With a heritage going back thousands of years, the Greeks have made an indelible mark on philosophy, history and science. As per usual, they’ve crashed another party too
High & Low Points
Greece (or the more expansive Hellenic world), the cradle of European civilization and a bastion of culture and enlightenment throughout the ages. Home to some of the greatest philosophers in the western canon like Socrates, Plato and Artistotle. The father of history, too, Herodotus. Mathematicians Archimedes and Pythagoras. The storyteller Homer. The warrior king Alexander the Great.
The list goes on.
Lately, though, that hasn’t been so much the case. Greece has — through the fault of successive economic mismanagement, low growth rates and inflation — been at a low point. With an economy in tatters, it has suffered more than most other countries on the continent over the last decade or so.
And the Covid-19 debacle, unfortunately, hasn’t helped Greece’s situation, either.
In business, too, Greeks have suffered.
But there may be cause for a smile:
According to 2018 data from AngelList published at Enterprise Greece, a social network site for investors and startups, there were approximately 550 startups and over 2800 investors operating in the country.
It’s no surprise, then, to hear that Athens was awarded the title of the European Capital of Innovation 2018 and obtained a €1M prize by the EU research and innovation programme Horizon 2020.
What is more interesting, maybe, is that data from OECD Science & technology statistics 2017, again published on an Enterprise Greece white paper from 2018, showed that the Greeks are European leaders in science and technology workforce as a share of the active population, coming in at 38.5%, beating the likes of Portugal and Italy in the process.
With AI, IoT, ML, blockchain, and cryptocurrency dominating the technological landscape in 2020, Greece believes it has a part to play like every other nation on the planet.
Companies like translation gig Speakt and cloud management startup Mist.io are proving Greece is more than museums, ouzo and beaches.
It is also in quantum computing (QC), the technology that above all will transform the world in the next few decades, where the Greeks are now making a mark, however small.
‘Redefining Quantum Chemistry’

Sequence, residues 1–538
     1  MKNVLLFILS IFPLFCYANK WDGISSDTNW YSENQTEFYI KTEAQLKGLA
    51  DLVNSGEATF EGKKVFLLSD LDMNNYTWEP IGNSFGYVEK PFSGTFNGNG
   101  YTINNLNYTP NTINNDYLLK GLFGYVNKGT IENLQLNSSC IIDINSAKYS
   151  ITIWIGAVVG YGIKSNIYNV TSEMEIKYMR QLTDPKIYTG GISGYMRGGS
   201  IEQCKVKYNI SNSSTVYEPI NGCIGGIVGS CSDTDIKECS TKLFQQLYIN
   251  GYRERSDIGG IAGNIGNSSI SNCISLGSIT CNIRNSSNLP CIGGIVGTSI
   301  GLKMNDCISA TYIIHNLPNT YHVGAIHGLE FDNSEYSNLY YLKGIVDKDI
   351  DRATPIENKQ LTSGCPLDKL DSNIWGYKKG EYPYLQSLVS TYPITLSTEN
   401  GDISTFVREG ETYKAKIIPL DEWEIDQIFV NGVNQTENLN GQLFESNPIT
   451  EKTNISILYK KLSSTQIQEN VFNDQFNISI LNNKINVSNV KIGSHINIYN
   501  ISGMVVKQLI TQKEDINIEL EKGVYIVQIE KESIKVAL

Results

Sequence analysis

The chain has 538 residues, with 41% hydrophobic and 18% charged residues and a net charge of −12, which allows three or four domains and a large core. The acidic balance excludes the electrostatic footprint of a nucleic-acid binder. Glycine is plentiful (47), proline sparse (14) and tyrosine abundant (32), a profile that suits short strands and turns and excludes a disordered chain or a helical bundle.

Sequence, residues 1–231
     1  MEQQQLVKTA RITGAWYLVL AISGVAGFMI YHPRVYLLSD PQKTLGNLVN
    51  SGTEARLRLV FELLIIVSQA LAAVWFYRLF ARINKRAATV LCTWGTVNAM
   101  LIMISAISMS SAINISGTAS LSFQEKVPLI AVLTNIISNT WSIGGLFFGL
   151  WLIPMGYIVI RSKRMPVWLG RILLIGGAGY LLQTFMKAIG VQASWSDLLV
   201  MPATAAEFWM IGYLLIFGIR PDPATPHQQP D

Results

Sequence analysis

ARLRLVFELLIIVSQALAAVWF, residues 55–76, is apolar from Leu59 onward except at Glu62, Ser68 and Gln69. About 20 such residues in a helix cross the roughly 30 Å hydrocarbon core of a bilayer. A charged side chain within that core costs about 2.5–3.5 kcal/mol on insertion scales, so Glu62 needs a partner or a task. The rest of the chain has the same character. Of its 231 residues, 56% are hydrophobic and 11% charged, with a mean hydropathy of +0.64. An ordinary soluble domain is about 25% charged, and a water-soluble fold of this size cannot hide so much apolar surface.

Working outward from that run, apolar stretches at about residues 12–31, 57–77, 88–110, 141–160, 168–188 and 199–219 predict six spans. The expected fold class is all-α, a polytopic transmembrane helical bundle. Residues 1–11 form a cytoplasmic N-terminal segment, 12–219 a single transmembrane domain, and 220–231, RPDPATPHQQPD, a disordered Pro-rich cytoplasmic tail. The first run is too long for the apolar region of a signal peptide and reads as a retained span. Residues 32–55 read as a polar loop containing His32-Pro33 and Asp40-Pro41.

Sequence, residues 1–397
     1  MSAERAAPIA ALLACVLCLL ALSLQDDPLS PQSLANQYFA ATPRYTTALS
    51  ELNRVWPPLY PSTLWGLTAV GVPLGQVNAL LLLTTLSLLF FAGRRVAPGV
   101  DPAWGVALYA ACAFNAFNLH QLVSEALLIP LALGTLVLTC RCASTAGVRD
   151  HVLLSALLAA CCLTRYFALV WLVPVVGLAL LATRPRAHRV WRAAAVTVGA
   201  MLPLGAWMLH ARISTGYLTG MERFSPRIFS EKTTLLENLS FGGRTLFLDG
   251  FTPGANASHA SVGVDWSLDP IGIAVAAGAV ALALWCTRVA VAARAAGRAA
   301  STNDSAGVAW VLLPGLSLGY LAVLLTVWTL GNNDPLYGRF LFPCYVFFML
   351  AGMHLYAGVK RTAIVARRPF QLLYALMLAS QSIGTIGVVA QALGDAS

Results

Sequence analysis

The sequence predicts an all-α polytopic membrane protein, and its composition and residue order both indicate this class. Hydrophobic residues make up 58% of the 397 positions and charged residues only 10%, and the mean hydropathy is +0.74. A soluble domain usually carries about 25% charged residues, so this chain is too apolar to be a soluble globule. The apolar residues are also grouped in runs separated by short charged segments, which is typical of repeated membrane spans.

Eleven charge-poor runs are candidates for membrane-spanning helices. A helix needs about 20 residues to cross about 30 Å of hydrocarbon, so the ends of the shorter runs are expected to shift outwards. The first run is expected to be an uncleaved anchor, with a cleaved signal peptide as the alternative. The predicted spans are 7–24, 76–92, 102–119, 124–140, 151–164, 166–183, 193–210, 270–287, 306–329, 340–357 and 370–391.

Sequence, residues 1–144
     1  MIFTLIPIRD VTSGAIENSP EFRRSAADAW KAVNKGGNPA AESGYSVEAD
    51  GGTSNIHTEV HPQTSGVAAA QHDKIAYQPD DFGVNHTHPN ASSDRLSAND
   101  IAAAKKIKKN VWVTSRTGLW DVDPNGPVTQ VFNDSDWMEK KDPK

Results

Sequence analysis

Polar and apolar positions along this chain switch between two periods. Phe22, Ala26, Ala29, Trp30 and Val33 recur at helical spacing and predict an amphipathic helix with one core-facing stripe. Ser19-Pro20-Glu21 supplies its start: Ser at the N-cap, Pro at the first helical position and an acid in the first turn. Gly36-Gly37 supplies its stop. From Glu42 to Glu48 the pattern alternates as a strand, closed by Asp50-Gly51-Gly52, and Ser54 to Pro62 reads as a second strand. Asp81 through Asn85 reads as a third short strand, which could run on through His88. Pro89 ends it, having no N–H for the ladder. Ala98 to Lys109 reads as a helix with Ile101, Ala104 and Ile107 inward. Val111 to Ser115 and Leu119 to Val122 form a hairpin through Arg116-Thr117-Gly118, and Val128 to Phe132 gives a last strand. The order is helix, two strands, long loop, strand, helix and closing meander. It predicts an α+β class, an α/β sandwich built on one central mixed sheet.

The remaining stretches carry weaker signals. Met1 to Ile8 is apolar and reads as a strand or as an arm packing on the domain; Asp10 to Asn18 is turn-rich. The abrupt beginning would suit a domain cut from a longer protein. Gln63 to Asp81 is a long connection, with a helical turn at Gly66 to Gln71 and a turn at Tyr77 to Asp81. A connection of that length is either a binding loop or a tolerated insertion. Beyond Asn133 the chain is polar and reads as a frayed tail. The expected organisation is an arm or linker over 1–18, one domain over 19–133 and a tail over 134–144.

The startup’s intention is ‘to simulate drugs, chemicals, materials and other quantum systems’ by utilizing quantum computing hardware that already exists.
TQD supposes this means creating algorithms designed for use on the half a dozen quantum computer offerings already on the market by the likes of IBM and D-Wave Systems etc.
The team at PiDust is made up of quantum computing experts, physicists, software developers, and chemists.
Bill Armaos acts as CEO and lead research scientist. Before PiDust, he was a lead software designer for a big quantum computing startup. With an M.S. in theoretical physics from the University of Cambridge, his passions lie in quantum computing and computational chemistry.
The startup’s digital systems architect is Paraskevas Deligiannis. He gained an M.S. in Electrical Engineering from Stanford University. With an interest in data science and computational biology to go with his passion in QC, Deligiannis’ input will be crucial to the startup’s onward success.
Dimitris Badounas, the other supporting character in this Greek drama with skin in PiDust, is currently a computational scientist in the Department of Materials Science at the University of Patras. A talented individual when it comes to Python, Scilab, and quantum computational chemistry, watch this space as his efforts advance the startup to the heights of Mount Olympus.
Although Greece is going through a hard time lately (that’s not unique these COVID-19 days), one of the nation’s favourite sons said it best — not only about the Greeks but about humanity in general:
‘Human behavior flows from three main sources: desire, emotion, and knowledge.’
With PiDust’s QC phalanx ready to move, exciting times lay ahead for the startup.